# Curved shocks and vorticity generation

In fluid dynamics, it is known that curved shocks (which are common, e.g., in bowshocks) generate vorticity. I am looking for a quantitative derivation.

What you are looking for is called Crocco's theorem. For a steady inviscid flow it is possible to write the momentum equation as

$$\mathbf{u} \times \mathbf{\omega} = \nabla h_0 - T \nabla s \,.$$

This equation shows that changes in the total enthalpy or entropy can result in rotational flow. Typically it is assumed that the total enthalpy across a shock is constant, so $$\nabla h_0 = 0$$ everywhere, in front of and behind the shock.

This is not true when considering the entropy. In front of the shock the entropy is uniform in space, and inside the shock the entropy jumps up, but behind the shock the entropy is no longer uniform when the shock is curved. This is because a curved shock causes a different jump in entropy at different locations, since the shock strength varies. For example, a streamline going through a stronger portion of the shock has a larger jump in entropy than a streamline going through a weaker portion of the shock. Therefore, for a curved shock the entropy is not uniform behind the shock (the entropy gradient $$\nabla s \ne 0$$).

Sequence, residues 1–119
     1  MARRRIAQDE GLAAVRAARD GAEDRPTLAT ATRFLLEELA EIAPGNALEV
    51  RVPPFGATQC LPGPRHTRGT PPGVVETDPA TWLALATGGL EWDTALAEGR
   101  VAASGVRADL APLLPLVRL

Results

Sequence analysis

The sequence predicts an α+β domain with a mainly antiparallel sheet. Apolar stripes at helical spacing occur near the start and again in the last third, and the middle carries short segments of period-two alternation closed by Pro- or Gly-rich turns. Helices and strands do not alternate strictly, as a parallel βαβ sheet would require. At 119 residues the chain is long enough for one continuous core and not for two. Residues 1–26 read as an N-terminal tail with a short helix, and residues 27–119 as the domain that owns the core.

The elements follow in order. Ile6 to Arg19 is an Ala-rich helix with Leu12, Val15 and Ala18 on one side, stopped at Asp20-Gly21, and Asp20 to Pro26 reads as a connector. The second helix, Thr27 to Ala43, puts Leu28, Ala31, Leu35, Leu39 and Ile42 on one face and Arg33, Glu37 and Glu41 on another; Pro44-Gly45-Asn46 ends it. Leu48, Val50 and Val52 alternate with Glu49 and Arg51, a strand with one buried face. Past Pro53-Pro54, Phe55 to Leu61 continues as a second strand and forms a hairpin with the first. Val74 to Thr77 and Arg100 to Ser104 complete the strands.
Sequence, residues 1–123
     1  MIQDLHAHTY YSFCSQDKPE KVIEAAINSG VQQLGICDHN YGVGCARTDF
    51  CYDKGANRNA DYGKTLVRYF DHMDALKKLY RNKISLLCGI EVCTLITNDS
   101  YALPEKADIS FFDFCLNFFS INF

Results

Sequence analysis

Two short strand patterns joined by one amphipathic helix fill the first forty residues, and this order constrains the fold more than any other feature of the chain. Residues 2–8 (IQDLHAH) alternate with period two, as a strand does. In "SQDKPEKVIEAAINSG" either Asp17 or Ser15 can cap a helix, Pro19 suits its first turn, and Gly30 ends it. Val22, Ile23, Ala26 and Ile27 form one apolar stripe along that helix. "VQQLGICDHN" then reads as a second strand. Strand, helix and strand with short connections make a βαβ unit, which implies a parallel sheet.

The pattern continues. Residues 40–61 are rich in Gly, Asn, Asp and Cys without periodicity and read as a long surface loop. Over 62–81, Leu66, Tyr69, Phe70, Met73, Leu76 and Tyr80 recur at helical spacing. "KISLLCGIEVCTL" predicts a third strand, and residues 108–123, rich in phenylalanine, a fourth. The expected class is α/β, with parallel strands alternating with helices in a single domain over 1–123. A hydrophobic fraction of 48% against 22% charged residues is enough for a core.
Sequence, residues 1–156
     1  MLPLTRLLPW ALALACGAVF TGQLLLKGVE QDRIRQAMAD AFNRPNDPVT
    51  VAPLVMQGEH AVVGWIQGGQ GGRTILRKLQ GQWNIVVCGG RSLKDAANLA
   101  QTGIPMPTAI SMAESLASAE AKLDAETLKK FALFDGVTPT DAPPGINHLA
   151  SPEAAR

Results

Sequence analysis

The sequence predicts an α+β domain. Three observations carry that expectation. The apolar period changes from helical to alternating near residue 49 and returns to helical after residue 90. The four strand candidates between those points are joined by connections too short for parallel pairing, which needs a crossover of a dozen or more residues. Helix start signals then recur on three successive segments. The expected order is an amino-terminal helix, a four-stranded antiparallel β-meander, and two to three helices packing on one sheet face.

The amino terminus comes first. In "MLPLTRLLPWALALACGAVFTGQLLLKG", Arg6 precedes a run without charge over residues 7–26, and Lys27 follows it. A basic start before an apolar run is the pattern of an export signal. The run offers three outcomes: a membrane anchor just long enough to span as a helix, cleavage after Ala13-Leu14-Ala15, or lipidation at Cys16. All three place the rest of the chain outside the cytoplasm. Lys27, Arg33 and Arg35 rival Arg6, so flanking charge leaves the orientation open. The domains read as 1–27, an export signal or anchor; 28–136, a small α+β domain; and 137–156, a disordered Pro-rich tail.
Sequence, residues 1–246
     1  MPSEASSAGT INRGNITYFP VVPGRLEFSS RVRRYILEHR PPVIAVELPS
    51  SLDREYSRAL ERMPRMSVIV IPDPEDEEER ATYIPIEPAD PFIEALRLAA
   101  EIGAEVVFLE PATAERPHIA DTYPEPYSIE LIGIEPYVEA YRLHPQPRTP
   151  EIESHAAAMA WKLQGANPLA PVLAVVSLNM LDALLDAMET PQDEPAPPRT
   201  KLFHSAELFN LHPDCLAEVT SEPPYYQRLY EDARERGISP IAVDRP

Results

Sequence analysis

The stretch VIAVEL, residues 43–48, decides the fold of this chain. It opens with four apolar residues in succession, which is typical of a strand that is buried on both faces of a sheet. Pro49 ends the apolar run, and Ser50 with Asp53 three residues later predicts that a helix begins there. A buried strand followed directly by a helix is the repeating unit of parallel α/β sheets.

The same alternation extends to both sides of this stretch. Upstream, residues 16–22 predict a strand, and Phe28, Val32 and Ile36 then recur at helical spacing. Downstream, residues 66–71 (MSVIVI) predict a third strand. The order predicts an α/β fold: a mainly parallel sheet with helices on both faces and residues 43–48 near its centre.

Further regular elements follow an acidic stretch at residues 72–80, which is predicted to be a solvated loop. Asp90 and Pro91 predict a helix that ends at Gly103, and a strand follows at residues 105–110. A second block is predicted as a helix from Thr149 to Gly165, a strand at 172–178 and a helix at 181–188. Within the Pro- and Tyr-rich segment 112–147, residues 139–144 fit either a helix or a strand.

This observation demonstrates why the flow behind a curved shock is rotational. Since the entropy is not uniform behind a curved shock, Crocco's theorem states that $$\mathbf{u} \times \mathbf{\omega} \ne 0$$. In practice this means that the vorticity is not zero behind a curved shock ($$\mathbf{\omega} \ne 0$$).

For more discussion I suggest reading pages 254 to 256 of John Anderson's "Modern Compressible Flow", which discusses this topic in more detail.

• Isn't $\nabla s \neq 0$ always satisfied across a collisionally mediated shock? Commented Dec 15, 2021 at 13:58
• Yes, you are correct. The entropy should always increase across a shock. I did not explain this point that well so I re-phrased and expanded my answer to address your comment. The issue is not that the entropy changes inside a shock but actually whether it changes behind a shock (is uniform behind a shock). And for a curved shock that is the case as I explain above. Commented Dec 17, 2021 at 2:08